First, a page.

When the Worst Happens// Mum and Alzheimer’s
During my break at work, I called my mum to let her know that my wife and I was keen for her to join us on holiday to Spain. Wanting to be sure her passport hadn’t expired, I asked her about it. Mum was totally up for it. It would be her first holiday with our family. There was another agenda – we wanted to spend time encouraging mum to consider what she could do with her life having just retired.
No more than 10 minutes after our conversation, mum called back, and her opening line gave me goosebumps. She had forgotten our earlier call entirely. I was in shock. My sister had been complaining that mum was becoming forgetful. I had barely noticed, until now. A few months later, my mum was diagnosed with Alzheimer’s disease.
A Slow and Painful Loss
John, commonly known as the disciple whom Jesus loved, records the words of Jesus Christ, “In this world, you will have trouble!.” (John 16:33)
There’s no avoiding it; life brings with it a cauldron of – trauma, pain, and loss. Over the last five years, I have struggled to come to terms with my mum’s Alzheimer’s. The pain is like watching a car crash in slow motion. Mum has regressed from being “forgetful” to having her very identity obliterated before my eyes. She has been stolen from me and, to make matters worse, there’s someone else in her place, someone who looks exactly like her, teasing me with the possibility of her return. And every time I see a glimmer of hope, it’s instantly whisked away.
I love my mum deeply; she has raised my sister and me on her own. After a somewhat challenging life, my sister and I were desperate for her to enjoy her retirement.
Disheartening resentment, fierce anger, unexplainable joy, and acute denial have become the range of emotions that have taken residence in my heart. I’ve become familiar with the dichotomy of emotions. I used to resist the feelings. Now, I accept it and let it be.
Tough Burden and Tough Questions
Part of the fallout of life’s “troubles” is that they force you to ask questions. Where is God in all of this? Why does He allow so much unspeakable pain in the world? If He is kind and loving and powerful, why doesn’t He take away our despair? How do you find the strength to move past your pain?
It has been said that “Pain is inevitable. Suffering is optional.” I take that to mean; pain is synonymous with our humanity. However, what we believe about our future will determine how we experience and process this pain and therefore the degree to which we suffer internally from unanswered questions.
“I have told you these things, so that in me you may have peace. In this world, you will have trouble. But take heart! I have overcome the world.” (John 16:33)
I think that is what Jesus was getting at when He said “But take heart! I have overcome the world”, more than two millennia ago. He guarantees we will experience pain in life. Until the new heaven and new earth appear, pain comes with living in a fallen world. And yet, despite the often-unbearable pain, He reminds us that there is an even greater reality of peace and
When we put our trust in Him, we experience a sense of peace amidst our pain. It’s a peace that knows that while our physical bodies are wasting away, Jesus accomplished something miraculous for us. Our souls can and will outlive this finite world because of what Jesus has achieved. One day, our earthly tent will be traded in for new bodies (2 Cor 4:16-18, 5:1-7) and death no longer has to be the end of relationships – one of the greatest things that makes life meaningful.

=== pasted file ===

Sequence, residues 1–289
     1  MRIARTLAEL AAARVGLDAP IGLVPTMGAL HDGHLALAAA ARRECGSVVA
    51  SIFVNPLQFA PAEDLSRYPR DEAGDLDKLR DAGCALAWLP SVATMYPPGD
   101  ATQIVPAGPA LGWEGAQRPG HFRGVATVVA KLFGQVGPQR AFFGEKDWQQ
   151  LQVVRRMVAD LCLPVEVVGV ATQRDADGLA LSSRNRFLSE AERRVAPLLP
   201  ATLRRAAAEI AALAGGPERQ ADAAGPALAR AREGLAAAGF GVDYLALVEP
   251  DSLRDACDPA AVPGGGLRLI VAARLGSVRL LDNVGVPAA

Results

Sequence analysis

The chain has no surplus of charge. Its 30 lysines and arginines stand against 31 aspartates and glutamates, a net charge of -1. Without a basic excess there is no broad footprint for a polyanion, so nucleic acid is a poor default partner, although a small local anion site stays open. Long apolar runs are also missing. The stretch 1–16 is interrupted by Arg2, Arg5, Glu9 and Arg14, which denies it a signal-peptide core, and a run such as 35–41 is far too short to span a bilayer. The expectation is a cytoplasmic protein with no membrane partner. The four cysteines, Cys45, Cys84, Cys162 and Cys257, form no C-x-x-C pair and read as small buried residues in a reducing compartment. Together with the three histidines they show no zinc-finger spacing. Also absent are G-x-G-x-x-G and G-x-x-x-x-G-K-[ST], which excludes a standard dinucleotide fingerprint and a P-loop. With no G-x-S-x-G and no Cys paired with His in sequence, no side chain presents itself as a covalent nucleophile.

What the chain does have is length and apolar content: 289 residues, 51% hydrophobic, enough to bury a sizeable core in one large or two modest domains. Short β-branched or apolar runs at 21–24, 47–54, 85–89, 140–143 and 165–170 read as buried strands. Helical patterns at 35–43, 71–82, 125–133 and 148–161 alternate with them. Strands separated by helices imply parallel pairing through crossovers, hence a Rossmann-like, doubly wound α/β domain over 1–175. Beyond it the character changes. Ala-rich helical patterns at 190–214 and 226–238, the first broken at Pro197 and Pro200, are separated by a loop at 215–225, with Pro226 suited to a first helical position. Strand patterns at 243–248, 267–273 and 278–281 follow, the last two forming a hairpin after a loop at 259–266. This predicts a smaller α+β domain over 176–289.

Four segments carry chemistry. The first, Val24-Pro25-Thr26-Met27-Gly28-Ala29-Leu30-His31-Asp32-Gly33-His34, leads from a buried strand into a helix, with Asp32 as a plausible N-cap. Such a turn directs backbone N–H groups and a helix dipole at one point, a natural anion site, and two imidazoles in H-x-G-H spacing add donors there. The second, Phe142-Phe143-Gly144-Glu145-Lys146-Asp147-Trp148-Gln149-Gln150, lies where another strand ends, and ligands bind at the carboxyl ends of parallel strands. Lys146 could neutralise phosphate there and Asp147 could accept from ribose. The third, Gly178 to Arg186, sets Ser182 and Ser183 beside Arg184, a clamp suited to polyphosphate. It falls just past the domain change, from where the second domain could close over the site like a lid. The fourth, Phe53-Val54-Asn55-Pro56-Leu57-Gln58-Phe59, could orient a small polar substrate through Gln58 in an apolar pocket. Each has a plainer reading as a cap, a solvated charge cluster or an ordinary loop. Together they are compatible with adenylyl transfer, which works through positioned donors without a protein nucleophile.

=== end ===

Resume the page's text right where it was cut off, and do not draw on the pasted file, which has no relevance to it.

Don’t misunderstand me. That peace doesn’t mean there are no tears. As I get older, I’ve come to learn that my tears matter to God. It’s ok to feel the pain, but I don’t have to be controlled by it. I don’t have to let it keep me in a state of despair or resentment. Instead, I allow it to drive me nearer to God and experience a level of intimacy with Him that would otherwise remain unknown to me. (James 4:8-10). The loss I feel has also allowed my friends to comfort me in a way that I wouldn’t need if I were self-sufficient.
I don’t know why God doesn’t take away all of our pain right now. But I do know this – nothing can separate us from His love demonstrated through His Son Jesus. Not pain, nor loss, nor trauma, nor Alzheimer’s, nor troubles of any kind.
An Unusual Source of Hope
This may come as a surprise but some of the greatest words of encouragement during this time has come from my mum of all people.
I took her out for lunch earlier in the year. As we tucked into our meal, and I fought off the tears, I told her I was grateful for the mum she had been to me (I wanted to say it while she could still take it in, to some degree). I also asked her about what helped her to stay joyful during this challenging period of her life. I wasn’t sure how much of the question would resonate with her, but mum replied, “God said ‘I never promised it would be easy, but I did promise that I’d be with you every step of the way.'”
Written by Obi Abuchi
Obi is married to Peju and they have 3 boys – Lemar, Zikora and Kobi. He is the CEO of CORE Leaders International, a personal leadership solutions business, and author of the book ‘The Magic of Monday’. He is currently working on his second book ‘How’s Your CORE?’.
More like this....
What joys and pleasure can be found in celibacy before God calls us to marriage?
Maturity in Christ can give us perspective on our past loves.
When it comes to our kids, how do we surrender control to a God who is also committed to their joy?